Missing ghosts, a posthumously alimony-hungry divorcee, and a raging bridezilla. Yup, my bingo card is officially full. Can I get a prize and go home now?
Ghosts Gone Wild is the second book in the Beechwood Harbor Ghost Mystery series. Spooky paranormal cozies with a twist! Perfect for fans of Kristen Painter and Angie Fox. Come explore the harbor with Scarlet Sanderson, Beechwood's own ghost whisperer!

The title is definitely apropos in this one. Two she-devil ghosts tug back and forth at Scarlett to solve their otherworldly problems, Gwen starts seeing another ghost leaving poor Hayward devastated, and now ghosts are going missing. Meanwhile, Scarlett gets a visit from Lucas on his vacation and she starts to panic because she’s out of her depth. And, her flower shop assistant is a constant calamity. Has the world gone mad, she wonders?

Ghosts Gone Wild is the second of the Beechwood Harbor Ghost mysteries. The first book set up the world and connected things to the earlier series while establishing this ghost-filled side world of mysteries with Scarlett in the lead. Scarlett has two live in ghosts- her former cat, Flapjack, now gifted with speech that is sarcasm 24/7 and does the job of both stirring things up and grounding them when necessary. There is Hayward, a Victorian era ghost, with Old-World gentleman charm who has a crush on Gwen and is so devastatingly sweet and reticent that he can’t bring himself to approach her. Gwen, a once hippie, ghosts around the town keeping up with the local gossip, human and ghostly, and is friends with Scarlett and the others at the flower shop.

I thought it was interesting to see the relationship dynamics play a larger role in this one including the glaring issue that Scarlett is more in tune to the ghost world than her own human world. She is terrified that Lucas will pull back so she nearly self-sabotages her own relationship to save him the trouble. I foresee this staying an ongoing problem because Scarlett looks for reasons to back away when none exist. I hope she can get over it soon.

The mystery in this one was actually more than one with bridezilla Kimberly’s murder, devil divorcee wife’s blackmail haunting of her ex, and then Gwen bringing up that ghosts are disappearing.

I confess that I felt Scar was somewhat all over the place in this one. She’s back and forth with Lucas who has been honest and open all along. She’s helpful to the most obnoxious ghosts and ignores her old ghost friend’s genuine concern. I liked the story well enough, but I did give Scarlett a few side-eyes. We’ll see what happens in the next book.

Amanda Ronconi was a great narrator as usual. I love the way she voices each ghost and person in the cast both male and female. She has a knack for the comedy elements and the blend of paranormal and mystery.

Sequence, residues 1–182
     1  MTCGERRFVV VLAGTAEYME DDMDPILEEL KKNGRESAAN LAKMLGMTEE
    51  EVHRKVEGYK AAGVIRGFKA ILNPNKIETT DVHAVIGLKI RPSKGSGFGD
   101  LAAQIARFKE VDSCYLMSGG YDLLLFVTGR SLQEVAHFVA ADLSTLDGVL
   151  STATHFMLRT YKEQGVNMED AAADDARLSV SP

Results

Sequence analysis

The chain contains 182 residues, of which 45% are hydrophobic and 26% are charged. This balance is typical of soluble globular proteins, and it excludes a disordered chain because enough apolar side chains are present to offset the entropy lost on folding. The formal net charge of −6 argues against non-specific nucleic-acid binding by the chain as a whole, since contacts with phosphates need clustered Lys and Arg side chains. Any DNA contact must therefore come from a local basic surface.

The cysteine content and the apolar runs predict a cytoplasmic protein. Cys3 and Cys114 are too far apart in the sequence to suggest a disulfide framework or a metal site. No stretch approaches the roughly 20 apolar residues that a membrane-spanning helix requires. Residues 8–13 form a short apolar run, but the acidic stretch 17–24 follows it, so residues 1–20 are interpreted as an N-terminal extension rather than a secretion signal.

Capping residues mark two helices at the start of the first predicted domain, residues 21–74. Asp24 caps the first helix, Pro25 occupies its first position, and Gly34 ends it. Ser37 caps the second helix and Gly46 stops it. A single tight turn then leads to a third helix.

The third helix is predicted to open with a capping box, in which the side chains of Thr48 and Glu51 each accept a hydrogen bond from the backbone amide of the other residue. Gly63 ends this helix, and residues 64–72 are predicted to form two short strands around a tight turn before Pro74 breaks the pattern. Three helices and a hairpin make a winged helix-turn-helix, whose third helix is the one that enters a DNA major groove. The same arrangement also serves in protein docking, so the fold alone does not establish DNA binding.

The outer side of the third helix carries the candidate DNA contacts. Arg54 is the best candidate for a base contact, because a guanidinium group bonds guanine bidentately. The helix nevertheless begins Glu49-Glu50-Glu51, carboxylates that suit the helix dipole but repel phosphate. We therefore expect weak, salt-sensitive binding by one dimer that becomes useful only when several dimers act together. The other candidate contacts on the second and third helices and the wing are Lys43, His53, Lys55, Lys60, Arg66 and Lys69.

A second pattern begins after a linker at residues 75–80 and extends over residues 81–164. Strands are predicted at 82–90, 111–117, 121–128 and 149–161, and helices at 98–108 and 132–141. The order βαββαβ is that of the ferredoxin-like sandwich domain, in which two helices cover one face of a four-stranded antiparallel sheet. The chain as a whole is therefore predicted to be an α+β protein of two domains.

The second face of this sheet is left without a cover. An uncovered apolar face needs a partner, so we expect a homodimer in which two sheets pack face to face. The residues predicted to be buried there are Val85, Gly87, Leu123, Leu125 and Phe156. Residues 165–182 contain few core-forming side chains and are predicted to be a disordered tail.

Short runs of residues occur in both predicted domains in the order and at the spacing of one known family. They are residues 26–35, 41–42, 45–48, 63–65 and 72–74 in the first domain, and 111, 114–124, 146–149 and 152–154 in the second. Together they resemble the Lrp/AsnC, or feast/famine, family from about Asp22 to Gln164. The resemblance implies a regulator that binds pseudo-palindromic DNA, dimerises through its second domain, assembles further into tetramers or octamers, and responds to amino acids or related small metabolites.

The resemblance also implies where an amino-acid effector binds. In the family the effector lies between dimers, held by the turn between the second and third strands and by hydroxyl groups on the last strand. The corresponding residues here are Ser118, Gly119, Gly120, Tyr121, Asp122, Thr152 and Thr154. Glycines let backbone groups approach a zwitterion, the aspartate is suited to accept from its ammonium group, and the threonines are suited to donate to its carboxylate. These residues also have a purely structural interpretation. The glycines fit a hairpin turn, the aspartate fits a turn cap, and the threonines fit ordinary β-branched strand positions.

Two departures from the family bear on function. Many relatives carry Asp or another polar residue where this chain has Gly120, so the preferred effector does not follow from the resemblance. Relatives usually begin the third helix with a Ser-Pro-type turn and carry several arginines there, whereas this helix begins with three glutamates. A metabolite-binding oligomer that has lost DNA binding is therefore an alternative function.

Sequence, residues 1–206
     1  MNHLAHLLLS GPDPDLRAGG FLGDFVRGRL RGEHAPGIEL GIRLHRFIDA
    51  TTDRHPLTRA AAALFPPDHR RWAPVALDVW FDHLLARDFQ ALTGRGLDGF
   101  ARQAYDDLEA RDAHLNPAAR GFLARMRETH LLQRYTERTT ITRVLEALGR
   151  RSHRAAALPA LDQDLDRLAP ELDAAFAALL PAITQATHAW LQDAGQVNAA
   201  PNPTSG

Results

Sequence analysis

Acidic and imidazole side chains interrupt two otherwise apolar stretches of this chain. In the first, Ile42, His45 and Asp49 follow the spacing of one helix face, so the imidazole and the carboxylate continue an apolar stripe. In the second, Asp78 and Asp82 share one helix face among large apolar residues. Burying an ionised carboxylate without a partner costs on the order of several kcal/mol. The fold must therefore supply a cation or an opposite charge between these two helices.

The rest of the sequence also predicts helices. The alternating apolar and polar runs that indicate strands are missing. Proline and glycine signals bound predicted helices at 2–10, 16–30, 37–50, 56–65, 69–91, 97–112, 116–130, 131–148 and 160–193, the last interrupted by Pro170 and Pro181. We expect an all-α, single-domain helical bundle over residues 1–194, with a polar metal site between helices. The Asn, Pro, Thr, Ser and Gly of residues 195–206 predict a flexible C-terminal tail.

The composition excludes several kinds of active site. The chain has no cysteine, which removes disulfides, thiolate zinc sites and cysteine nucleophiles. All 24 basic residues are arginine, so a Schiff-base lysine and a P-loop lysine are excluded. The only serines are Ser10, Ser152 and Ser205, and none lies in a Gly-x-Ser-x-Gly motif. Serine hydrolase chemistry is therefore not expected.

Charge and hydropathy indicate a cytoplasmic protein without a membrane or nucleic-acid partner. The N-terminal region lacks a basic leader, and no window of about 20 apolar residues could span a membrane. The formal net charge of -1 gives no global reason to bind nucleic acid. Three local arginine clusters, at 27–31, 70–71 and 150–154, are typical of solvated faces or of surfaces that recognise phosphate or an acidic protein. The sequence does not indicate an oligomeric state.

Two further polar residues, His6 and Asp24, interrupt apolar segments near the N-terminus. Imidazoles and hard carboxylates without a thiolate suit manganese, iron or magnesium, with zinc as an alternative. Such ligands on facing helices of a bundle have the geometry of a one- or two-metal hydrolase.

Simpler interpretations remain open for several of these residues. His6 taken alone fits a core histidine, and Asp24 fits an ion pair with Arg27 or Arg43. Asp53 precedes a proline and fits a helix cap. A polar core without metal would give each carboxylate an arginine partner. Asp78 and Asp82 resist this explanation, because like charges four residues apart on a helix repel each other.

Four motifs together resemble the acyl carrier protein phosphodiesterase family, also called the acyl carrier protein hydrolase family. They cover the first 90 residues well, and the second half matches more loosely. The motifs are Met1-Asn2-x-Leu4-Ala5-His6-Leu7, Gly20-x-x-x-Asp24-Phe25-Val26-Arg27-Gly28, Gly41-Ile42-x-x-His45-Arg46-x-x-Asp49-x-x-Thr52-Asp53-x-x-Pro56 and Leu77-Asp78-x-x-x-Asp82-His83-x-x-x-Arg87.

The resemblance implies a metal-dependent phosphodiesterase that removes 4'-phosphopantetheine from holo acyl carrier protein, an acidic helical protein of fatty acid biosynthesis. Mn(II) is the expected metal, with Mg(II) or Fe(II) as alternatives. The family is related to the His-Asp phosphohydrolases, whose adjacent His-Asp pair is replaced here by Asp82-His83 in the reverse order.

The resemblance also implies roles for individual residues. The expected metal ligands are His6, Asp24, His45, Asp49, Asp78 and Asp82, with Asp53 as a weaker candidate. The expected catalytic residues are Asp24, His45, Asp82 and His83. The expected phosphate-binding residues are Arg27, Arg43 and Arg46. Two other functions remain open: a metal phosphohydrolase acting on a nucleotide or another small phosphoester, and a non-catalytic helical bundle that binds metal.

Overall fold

This was light and fun with a few nice little series developments and some excitement in the big confrontation scene. The mystery of who killed Kimberly was not that tough, but the disappearing ghosts was one that came out of left field. I enjoyed both.

I can recommend this series to those who enjoy paranormal cozy mysteries. I’m doing fine jumping in with this spin off, but I can see how starting with the earlier Beechwood Harbor Magic series would probably be even better.

My thanks to Tantor Audio for the opportunity to listen to this book in exchange for an honest review.

About Sophia Rose

Sophia is a quiet though curious gal who dabbles in cooking, book reviewing, and gardening. Encouraged and supported by an incredible man and loving family. A Northern Californian transplant to the Great Lakes Region of the US. Lover of Jane Austen, Baseball, Cats, Scooby Doo, and Chocolate.

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Sophia Rose Review: Decluttering at the Speed of Life: Winning Your Never-Ending Battle with Stuff by Dana K. White

Posted March 23, 2019 by Lily B in Guest Post, Reviews / 20 Comments

Sophia Rose Review: Decluttering at the Speed of Life: Winning Your Never-Ending Battle with Stuff by Dana K. WhiteDecluttering at the Speed of Life: Winning Your Never-Ending Battle with Stuff by Dana K. White
Series: Standalone
Published by Thomas Nelson on February 27th 2018
Genres: Non-Fiction, Self Help
Pages: 240
Format: Kindle Edition
Source: Bought
Buy on Amazon
Rating: 4.5 Stars

You don't have to live overwhelmed by stuff--you can get rid of clutter for good!
While the world seems to be in love with the idea of tiny houses and minimalism, many of us simply can't purge it all and start from nothing. Yet a home with too much stuff is a home that is difficult to maintain, so where do we begin? Add in paralyzing emotional attachments and constant life challenges, and it can feel almost impossible to make real decluttering progress.